Southampton Researchers Confirm Link between Antidepressants and Diabetes


Researchers at the University of Southampton have warned of a connection between antidepressants and the development of type two diabetes.

Having accessed twenty two studies and three reviews the researchers concluded that people on antidepressants are more likely to suffer from type two diabetes. These findings come at a time when prescriptions for antidepressants are on the rise. Dr Katharine Barnard, Health Psychologist from the University of Southampton, has this to say about it “Our research shows that when you take away all the classic risk factors of type 2 diabetes; weight gain, lifestyle etc, there is something about antidepressants that appears to be an independent risk factor. With 46 million prescriptions a year, this potential increased risk is worrying”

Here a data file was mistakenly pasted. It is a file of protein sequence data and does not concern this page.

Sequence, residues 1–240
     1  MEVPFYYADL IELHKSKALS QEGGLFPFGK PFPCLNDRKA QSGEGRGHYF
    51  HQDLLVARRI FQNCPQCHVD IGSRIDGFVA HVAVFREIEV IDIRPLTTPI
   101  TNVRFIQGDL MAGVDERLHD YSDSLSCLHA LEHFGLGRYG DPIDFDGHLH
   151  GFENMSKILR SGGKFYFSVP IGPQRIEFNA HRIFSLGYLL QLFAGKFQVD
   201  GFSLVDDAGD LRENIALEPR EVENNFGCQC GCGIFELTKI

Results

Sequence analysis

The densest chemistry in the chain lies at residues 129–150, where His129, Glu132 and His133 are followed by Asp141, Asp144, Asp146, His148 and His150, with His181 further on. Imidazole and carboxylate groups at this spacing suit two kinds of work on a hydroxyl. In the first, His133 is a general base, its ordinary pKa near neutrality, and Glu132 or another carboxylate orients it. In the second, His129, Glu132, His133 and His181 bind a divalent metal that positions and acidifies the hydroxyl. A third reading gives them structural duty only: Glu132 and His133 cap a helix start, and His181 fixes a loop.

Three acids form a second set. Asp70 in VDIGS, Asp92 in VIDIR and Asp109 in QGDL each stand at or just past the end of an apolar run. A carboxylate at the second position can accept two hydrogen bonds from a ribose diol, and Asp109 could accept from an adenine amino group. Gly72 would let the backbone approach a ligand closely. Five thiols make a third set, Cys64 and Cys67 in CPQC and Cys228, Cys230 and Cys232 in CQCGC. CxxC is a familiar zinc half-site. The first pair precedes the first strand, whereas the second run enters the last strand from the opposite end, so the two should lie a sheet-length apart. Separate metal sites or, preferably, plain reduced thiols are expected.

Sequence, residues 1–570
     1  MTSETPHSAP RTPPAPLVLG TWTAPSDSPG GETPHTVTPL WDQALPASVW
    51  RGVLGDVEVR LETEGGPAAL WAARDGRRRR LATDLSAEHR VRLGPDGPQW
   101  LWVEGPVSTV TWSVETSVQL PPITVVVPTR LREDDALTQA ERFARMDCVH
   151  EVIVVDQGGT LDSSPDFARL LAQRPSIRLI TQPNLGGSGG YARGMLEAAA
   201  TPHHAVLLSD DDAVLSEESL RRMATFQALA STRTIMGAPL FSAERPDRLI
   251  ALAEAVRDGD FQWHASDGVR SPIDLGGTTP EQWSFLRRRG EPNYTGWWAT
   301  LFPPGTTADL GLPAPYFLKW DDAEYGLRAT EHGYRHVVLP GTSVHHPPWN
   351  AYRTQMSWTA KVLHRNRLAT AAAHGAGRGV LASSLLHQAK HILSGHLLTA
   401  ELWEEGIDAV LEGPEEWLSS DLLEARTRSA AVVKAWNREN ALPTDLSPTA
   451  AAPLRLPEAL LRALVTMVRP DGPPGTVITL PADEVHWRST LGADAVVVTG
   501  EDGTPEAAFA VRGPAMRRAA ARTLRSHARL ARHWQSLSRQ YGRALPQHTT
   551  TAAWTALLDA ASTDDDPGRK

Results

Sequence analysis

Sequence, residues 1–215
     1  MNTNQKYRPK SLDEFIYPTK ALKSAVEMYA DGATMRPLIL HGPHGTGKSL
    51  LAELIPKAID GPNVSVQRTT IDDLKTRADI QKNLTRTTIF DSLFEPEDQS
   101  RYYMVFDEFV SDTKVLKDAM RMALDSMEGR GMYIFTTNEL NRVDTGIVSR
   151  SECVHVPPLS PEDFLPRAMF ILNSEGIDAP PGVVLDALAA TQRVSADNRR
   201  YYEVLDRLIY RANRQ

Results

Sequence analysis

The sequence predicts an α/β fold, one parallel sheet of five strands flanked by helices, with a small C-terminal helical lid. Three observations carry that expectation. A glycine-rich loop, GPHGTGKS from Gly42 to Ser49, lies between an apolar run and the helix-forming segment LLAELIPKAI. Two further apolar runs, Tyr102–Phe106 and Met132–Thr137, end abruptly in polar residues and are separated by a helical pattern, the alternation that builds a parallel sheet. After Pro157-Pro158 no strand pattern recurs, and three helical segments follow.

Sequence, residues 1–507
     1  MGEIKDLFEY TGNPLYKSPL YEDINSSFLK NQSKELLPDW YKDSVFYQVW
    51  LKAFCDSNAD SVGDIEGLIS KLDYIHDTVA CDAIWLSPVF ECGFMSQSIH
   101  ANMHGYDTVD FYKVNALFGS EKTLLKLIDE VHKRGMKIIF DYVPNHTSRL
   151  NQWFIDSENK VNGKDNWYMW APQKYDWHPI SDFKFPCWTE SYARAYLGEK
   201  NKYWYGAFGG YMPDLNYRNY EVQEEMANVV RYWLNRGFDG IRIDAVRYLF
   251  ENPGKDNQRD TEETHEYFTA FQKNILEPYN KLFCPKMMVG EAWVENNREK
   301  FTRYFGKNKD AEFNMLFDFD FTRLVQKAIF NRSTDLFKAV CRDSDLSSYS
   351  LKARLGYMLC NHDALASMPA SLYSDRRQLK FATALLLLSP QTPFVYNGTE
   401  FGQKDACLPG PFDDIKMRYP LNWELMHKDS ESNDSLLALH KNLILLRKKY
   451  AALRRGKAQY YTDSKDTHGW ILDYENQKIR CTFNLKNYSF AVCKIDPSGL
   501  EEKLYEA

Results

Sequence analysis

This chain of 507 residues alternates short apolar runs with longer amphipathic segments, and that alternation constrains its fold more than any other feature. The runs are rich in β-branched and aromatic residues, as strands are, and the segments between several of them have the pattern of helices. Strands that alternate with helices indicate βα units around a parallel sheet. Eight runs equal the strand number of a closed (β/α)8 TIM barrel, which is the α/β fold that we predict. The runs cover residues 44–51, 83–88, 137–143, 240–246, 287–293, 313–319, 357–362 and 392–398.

This is not the first time that antidepressants have come under scrutiny. In fact this is just the latest in a long string of warnings over possible side effects. There have also been questions raised about the drugs effectiveness, casting further doubt over the large number of yearly prescriptions.

It currently remains unclear what the exact risks from different antidepressants may be and so further studies are required. In the meantime it has been suggested that clinicians should be wary of the possible risks when prescribing antidepressants.


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